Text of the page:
• xxix.-xxxi., &c.), and partly of narratives of victories and defeats, of sins and punishments, of obedience and its reward, which could be made to point a plain religious lesson in favour of faithful observance of the law (2 Chron.

  • At Valangay, where he was sent as a prisoner of state, he sank contentedly into vulgar vice, and did not scruple to applaud the French victories over the people who were suffering unutterable misery in his cause.

  • So too the victories of Re over the serpent named Apophis were more or less clearly understood as a simile of the antithetical nature of light and darkness.

  • Instead of following up his victories, Abu Gemaiza retired to Dar Tama to augment his army, to which thousands flocked as the news of his achievements spread far and wide.

  • On March 12 1915, the following notice was issued by the Press Bureau, warning the newspapers that they were too optimistic in the pictures they gave of what was happening: " The magnitude of the British task in this great war runs serious risk of being overlooked by reason of exaggerated accounts of successes printed daily in the Press and especially by exhibiting posters framed to catch the eye and magnify comparatively unimportant actions into great victories.

  • Pushed back, as he had been in Spain, from bastion to bastion, after the action on the Beresina, Napoleon had to fall back upon the frontiers of 1809, and thenhaving refused the peace offered him by Austria at the congress of Prague, from a dread of losing Italy, where each of his victories had marked a stage in the accomplishment of his dreamon those of 1805, despite Lfltzen and Bautzen, and on those of 1802 after his defeat at Leipzig, where Bernadotte turned upon him, Moreau figured among the Allies, and the Saxons and Bavarians forsook him.

  • All that is beautiful, but what do we, I mean the Austrian court, care for your victories?

  • The dispositions cited above are not at all worse, but are even better, than previous dispositions by which he had won victories.

  • He won overwhelming victories over superior forces with his ragtag army, marching over huge areas of the country executing his elaborate tactics.

  • The central head is held aloft by female ' Victories ', on a shield ringed with oak leaves.

  • Others speak of famous victories attained in a stupefied state.

  • Naval supremacy was the foundation, two victories driving the French from the seas in 1759.

  • The Spaniard 's teammate, Leon Haslam, will also be looking for victories at his ' home ' track.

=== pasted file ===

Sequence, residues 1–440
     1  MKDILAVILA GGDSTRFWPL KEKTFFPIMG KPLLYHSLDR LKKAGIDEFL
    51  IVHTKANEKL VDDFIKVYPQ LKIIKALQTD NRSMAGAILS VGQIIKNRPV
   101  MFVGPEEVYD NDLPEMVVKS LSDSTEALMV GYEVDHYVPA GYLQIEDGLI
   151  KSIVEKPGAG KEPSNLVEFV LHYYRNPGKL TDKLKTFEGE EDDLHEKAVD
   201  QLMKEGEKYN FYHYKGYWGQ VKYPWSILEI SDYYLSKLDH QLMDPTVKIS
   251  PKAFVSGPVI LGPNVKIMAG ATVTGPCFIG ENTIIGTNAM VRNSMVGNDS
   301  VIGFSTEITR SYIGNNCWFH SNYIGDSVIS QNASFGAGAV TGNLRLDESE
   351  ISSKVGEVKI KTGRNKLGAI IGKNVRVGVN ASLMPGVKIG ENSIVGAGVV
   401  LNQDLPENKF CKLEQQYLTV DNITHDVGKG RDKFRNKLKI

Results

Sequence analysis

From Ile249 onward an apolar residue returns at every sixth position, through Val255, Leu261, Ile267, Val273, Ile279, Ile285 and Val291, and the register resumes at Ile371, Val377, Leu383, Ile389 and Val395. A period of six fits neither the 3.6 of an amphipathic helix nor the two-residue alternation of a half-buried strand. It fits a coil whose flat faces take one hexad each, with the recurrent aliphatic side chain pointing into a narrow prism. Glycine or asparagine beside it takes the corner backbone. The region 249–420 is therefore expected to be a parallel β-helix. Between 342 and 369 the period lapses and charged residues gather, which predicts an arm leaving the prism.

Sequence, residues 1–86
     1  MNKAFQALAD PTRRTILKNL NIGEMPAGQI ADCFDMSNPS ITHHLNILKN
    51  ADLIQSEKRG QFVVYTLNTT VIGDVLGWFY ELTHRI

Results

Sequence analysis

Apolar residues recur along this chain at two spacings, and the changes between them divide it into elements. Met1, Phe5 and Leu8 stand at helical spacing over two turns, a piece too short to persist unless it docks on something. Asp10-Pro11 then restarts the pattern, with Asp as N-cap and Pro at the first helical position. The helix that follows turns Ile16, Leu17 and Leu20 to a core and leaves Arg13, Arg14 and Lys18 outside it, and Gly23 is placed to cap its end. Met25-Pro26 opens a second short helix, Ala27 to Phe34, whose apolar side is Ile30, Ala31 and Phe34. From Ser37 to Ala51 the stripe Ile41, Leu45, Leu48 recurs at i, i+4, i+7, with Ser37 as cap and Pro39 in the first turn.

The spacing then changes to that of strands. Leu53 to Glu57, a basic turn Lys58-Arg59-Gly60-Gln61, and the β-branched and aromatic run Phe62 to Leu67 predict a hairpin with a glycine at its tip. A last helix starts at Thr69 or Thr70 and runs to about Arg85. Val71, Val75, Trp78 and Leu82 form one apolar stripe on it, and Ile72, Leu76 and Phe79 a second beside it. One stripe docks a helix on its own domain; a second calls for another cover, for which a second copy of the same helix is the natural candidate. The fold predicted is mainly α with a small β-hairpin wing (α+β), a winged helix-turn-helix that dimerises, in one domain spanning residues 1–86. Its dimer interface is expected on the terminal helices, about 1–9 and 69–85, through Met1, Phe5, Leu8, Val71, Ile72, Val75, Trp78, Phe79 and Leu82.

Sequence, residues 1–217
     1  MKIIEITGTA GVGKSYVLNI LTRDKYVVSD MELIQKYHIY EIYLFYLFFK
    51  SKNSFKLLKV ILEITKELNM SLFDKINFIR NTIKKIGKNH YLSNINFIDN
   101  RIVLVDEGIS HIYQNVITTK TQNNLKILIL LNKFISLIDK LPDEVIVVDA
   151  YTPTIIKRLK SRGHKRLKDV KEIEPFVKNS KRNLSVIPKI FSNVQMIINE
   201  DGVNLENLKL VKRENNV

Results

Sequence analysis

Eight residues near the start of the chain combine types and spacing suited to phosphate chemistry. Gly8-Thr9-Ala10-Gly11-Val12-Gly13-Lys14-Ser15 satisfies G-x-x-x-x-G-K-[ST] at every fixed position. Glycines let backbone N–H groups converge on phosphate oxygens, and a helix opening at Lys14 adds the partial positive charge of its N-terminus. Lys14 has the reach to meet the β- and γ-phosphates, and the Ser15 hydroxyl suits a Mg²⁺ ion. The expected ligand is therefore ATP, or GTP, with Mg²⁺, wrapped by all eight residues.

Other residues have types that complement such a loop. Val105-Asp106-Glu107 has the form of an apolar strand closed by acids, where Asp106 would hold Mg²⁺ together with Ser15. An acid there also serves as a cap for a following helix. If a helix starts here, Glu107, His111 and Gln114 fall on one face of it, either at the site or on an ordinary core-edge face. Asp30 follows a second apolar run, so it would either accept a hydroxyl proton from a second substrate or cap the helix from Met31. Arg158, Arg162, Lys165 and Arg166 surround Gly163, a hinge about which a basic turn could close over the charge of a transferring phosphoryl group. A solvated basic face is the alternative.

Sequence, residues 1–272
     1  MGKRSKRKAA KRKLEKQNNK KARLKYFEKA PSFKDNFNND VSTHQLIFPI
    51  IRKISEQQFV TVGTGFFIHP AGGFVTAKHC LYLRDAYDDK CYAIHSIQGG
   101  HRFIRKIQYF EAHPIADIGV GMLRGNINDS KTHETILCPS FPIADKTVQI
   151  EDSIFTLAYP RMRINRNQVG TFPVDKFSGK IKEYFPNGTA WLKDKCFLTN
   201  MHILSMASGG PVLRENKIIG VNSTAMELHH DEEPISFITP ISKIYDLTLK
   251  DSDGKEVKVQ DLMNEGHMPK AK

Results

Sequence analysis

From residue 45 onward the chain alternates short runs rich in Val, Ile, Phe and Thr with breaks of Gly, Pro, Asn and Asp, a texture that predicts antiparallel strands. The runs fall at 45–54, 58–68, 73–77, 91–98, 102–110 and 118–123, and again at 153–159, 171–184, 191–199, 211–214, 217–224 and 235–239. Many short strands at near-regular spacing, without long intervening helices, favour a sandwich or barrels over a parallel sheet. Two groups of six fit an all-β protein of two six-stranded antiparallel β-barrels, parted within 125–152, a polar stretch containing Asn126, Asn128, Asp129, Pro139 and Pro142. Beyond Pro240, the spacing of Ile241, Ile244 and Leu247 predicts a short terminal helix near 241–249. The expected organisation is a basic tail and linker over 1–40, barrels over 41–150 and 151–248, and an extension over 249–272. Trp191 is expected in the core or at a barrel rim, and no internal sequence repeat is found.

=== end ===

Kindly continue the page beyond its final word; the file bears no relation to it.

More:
• As a sports obsessive I have also always regarded it as one of the great underdog victories.

  • Abu ' Obeida had an ungracious task, seeing that to the degraded warrior he was beholden for his victories in Syria.

  • The 2 nd team managed a 2 nd place finish with 15 points, whilst the women stormed their league with 6 consecutive victories.

  • This includes four wins in a row between 1926 and 1929 and setting a unique record of five consecutive victories from 1986 to 1990.

  • A preemie growth chart is one way that parents can bring encouragement into the family, celebrating the physical development and personal victories of their special baby.

  • And shine they do, as viewers vote each week for their favorite couple, causing victories and eliminations that cause both cheers and tears.

  • Man with Farm Seeks Woman with Tractor: The Best and Worst Personal Ads of All Time - This book is a perfect example of how to learn from others' victories and mistakes.

  • Built by Napoleon to commemorate his victories, the arch also holds the tomb of France’s unknown soldier.

  • Dancing with the Stars season 7 is sure to bring plenty of thrills and surprise victories, just as it has in previous years.

  • Harry's future will be a turbulent one and though he has a few victories tucked into his robes, the foreshadowing has been cast to let everyone know that he hasn't seen anything yet.

  • He showed extraordinary energy, resource and military talent in stemming the advance of the royalists, who now followed up their victories by advancing into the association; he defeated them at Gainsborough on the 28th of July, and managed a masterly retreat before overwhelming numbers to Lincoln, while the victory on the 11th of October at Winceby finally secured the association, and maintained the wedge which prevented the junction of the royalists in the north with the king in the south.

  • The one places a single life above all victories, the other sacrifices hundreds of thousands of lives to the ambition of a single individual.

  • Dublin was saved by its inhabitants committing it to the flames, and, though nineteen victories were won, of which that at Slane in Louth by Robert was counted the chief, the success was too rapid to be permanent.